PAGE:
Told by an idiot, full of sound and fury, signifying nothing. –Shakespeare, “Macbeth”, Act 5, Scene 5.
A decimated Maori economic base?
By Bruce Moon
An article in Stuff, 10 February 2022 by Jade Kake, an architectural designer in Whangarei of Dutch and Maori descent, purports to address “the tribal economic base that has been decimated through the widespread and large-scale theft of land.” She ignores, one notes, the fact that the “tribal economic base” — of $9 billion as at 7.2.2019 — has never been higher than it is today. Ngai Tahu, the richest tribe on the back of “Waitangi Tribunal” settlements described by several authors as “a swindle” and “a fraud” (for which references are available), possessed $1.5 billion at 4.10.2021.
Inaccurate sweeping statements on land ownership
She commences by saying: “When the Treaty of Waitangi was signed, Māori owned more than 66 million acres of land. By 1975, almost 97 per cent had been sold or taken.” and then “As most people know, Te Tiriti o Waitangi is one of the foundational documents (alongside He Whakaputanga, Declaration of Independence) of Aotearoa New Zealand and an agreement which has largely not been honoured by the British Crown.”
These are sweeping statements indeed! It is surely rather presumptuous to include Busby’s 1835 paper tiger the “Declaration of Independence” and omitting the rather important point that at that time, and for several decades to come, New Zealand was never referred to as “Aotearoa”!
This introduction is followed by a sequence of illustrations flicking by, showing in solid black those portions of the two main islands “owned” by Maoris, a continually reducing portion commencing with 100% pre-1840 till 3% today. Impressive? Accurate? Somewhat less so.
In the few years before 1840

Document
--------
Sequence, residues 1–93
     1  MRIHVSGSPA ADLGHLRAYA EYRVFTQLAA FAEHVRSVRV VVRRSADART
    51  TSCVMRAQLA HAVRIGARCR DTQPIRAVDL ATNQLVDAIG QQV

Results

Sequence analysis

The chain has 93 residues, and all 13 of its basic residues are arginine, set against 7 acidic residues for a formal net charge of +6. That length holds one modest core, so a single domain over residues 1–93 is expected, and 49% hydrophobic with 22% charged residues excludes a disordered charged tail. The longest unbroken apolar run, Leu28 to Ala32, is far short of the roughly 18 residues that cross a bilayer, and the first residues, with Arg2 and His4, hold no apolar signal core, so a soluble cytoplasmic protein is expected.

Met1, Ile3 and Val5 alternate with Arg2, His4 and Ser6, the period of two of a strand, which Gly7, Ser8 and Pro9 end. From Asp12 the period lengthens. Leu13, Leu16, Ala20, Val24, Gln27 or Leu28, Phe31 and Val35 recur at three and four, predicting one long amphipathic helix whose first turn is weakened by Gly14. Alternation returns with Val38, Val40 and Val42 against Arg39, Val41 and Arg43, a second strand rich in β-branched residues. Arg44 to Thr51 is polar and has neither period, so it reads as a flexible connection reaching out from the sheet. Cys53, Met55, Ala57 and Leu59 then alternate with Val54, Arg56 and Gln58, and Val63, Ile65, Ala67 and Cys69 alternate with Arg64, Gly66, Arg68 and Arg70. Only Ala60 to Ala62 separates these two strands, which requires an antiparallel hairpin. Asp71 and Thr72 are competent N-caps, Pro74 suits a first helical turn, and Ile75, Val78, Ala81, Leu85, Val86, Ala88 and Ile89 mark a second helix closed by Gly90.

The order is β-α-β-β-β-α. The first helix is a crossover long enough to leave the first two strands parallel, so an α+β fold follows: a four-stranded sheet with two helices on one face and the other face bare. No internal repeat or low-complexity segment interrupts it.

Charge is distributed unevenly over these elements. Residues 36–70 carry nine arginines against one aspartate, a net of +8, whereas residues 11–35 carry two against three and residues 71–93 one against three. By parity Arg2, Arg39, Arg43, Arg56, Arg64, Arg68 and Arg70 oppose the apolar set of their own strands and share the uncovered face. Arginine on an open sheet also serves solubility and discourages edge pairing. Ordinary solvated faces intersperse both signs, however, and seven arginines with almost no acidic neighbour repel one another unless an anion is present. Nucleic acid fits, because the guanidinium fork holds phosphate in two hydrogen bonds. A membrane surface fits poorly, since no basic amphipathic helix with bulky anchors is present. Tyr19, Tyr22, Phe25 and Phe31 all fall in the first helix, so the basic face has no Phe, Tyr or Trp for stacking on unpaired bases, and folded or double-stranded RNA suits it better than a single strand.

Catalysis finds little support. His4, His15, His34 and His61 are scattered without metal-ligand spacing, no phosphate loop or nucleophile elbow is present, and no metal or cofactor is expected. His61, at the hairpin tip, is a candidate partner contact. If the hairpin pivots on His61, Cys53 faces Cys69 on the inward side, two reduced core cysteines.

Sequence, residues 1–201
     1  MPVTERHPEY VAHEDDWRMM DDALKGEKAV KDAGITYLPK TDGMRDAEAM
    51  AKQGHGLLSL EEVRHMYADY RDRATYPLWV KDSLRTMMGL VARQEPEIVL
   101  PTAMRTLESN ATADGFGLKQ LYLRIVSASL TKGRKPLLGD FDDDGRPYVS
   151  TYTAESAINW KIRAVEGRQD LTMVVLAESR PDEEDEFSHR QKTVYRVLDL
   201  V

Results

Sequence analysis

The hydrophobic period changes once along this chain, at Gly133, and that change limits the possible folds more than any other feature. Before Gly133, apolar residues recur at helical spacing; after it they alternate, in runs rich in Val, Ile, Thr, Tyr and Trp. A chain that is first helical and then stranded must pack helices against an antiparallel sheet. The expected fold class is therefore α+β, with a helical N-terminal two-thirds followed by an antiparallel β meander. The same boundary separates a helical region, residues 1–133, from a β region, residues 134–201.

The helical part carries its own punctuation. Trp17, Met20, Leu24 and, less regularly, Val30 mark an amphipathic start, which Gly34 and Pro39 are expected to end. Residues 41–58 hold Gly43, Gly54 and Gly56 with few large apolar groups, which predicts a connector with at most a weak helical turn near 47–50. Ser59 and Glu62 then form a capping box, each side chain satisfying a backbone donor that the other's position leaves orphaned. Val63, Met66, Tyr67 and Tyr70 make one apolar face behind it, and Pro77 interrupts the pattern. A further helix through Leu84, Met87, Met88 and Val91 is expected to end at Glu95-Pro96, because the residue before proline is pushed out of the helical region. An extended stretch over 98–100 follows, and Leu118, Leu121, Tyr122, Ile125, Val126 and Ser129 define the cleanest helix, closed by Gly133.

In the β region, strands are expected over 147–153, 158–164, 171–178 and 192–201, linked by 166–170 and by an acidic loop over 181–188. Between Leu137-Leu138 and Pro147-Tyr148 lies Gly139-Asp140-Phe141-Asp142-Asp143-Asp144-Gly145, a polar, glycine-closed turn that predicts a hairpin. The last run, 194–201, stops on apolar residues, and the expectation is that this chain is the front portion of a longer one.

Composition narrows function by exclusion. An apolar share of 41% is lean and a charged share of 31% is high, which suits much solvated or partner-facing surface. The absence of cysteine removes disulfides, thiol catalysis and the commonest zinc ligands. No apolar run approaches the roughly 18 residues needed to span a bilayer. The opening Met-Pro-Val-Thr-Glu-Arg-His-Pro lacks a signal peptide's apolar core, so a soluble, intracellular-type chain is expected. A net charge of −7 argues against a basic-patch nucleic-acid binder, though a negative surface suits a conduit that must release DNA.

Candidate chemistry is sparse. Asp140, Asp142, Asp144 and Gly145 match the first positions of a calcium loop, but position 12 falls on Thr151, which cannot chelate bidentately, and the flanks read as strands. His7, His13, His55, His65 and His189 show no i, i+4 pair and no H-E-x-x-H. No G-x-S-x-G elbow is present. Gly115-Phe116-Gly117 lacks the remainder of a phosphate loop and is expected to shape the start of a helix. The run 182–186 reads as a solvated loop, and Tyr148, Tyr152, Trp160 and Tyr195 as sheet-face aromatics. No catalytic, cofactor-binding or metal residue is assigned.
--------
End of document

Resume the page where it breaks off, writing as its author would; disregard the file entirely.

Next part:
Kake’s diagram, entirely in black, suggests effective Maori ownership and/or possession of both islands. Nothing could be further from the truth. In the South Island in particular, vast areas were wholly uninhabited, about two thousand Ngai Tahu ekeing out a precarious existence in scattered villages, mostly on the East Coast, with occasional treks over the Alps to collect the precious greenstone from West Coast riverbeds.
But even more than that, she fails to show that throughout the whole country continual tribal warfare meant continual dispossession of land for defeated tribes in accordance with “tikanga”. Effective possession was decided brutally (using clubs and spears associated with starvation and similar tactics) with wholesale slaughter, cannibalism, slavery and the women of a defeated tribe becoming prizes of the conquerors.
Slaughtering the Chatham Island inhabitants
A gruesome example is the 1835 invasion by Taranaki tribes, Ngati Tama and Ngati Mutunga of the Chatham Islands, described by Michael King in Moriori, ISBN 0-670-82655-3, 1989. King reports in chilling detail the preparation of the victims’ bodies for cannibal feasts. He quotes one Rakatau “who noted with some satisfaction in the Native Land Court in 1870 ‘in accordance with our customs we caught all the people … these were killed’” with more lurid details. As King remarks “[i]t was nothing more nor less that Ngati Mutunga and Ngati Tama would have expected … had they themselves been defeated in combat.”
The gruesome record of Ngapuhi and Ngati Toa
And let us not forget the similarly gruesome record of Ngapuhi, one of Kake’s tribes – as just one example, the slaughter in 1821 at the Tamaki pa of Mauinaina. The death toll was higher that all the deaths in the tribal rebellions of the early colonial period. The subsequent cannibal feast continued until the Ngapuhi were driven off by the stench of the decaying bodies of their victims.
And then we have Te Rauparaha of Ngati Toa, no mean warrior, abandoning the tribe’s ancestral lands in the Kawhia region, having decided that they were too hot to hold. The tribe commenced its long migration south (by waka [canoe] or on foot) with savage attacks on the tribes in its way, until it reached the Wellington area where it proceeded to annihilate Ngati Ira.